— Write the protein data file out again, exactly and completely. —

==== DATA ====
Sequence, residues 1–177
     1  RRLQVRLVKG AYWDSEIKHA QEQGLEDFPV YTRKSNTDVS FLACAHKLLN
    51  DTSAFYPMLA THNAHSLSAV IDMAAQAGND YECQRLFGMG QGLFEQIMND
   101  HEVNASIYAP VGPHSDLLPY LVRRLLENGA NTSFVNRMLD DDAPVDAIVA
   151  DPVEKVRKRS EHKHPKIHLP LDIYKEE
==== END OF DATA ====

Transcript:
Sequence, residues 1–177
     1  RRLQVRLVKG AYWDSEIKHA QEQGLEDFPV YTRKSNTDVS FLACAHKLLN
    51  DTSAFYPMLA THNAHSLSAV IDMAAQAGND YECQRLFGMG QGLFEQIMND
   101  HEVNASIYAP VGPHSDLLPY LVRRLLENGA NTSFVNRMLD DDAPVDAIVA
   151  DPVEKVRKRS EHKHPKIHLP LDIYKEE